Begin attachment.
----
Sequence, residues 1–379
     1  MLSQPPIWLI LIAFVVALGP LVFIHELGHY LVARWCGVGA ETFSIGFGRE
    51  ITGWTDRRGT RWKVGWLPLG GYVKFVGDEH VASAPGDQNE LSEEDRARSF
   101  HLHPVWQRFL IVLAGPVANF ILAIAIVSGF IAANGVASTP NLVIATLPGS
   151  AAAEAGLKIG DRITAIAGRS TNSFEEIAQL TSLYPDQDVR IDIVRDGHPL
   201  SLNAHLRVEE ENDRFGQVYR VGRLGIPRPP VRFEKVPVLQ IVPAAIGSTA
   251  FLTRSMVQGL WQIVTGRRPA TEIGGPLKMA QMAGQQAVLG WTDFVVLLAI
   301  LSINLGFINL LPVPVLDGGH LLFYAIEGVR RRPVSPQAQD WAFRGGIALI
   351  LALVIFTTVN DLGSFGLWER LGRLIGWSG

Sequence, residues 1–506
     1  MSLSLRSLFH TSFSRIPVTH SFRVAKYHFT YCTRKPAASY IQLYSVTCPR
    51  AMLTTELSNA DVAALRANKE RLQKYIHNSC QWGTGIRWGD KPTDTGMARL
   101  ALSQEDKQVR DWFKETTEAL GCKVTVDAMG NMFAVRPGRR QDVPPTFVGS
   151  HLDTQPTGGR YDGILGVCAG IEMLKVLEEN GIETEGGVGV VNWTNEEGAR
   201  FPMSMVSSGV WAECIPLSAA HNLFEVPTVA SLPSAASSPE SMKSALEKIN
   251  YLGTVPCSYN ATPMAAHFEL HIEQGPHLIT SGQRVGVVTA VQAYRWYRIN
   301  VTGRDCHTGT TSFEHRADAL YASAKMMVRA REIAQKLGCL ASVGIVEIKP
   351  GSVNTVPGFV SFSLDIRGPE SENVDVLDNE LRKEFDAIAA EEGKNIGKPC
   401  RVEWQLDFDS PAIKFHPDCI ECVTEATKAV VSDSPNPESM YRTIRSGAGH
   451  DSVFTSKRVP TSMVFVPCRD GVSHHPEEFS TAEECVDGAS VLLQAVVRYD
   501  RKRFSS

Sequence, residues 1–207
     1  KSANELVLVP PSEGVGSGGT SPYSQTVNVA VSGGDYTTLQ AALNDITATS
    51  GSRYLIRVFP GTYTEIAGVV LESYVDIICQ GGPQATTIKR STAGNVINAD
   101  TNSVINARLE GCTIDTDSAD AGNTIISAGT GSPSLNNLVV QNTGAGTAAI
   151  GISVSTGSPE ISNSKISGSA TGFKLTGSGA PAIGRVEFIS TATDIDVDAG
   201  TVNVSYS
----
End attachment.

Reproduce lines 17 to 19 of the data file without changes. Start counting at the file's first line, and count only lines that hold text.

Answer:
   301  VTGRDCHTGT TSFEHRADAL YASAKMMVRA REIAQKLGCL ASVGIVEIKP
   351  GSVNTVPGFV SFSLDIRGPE SENVDVLDNE LRKEFDAIAA EEGKNIGKPC
   401  RVEWQLDFDS PAIKFHPDCI ECVTEATKAV VSDSPNPESM YRTIRSGAGH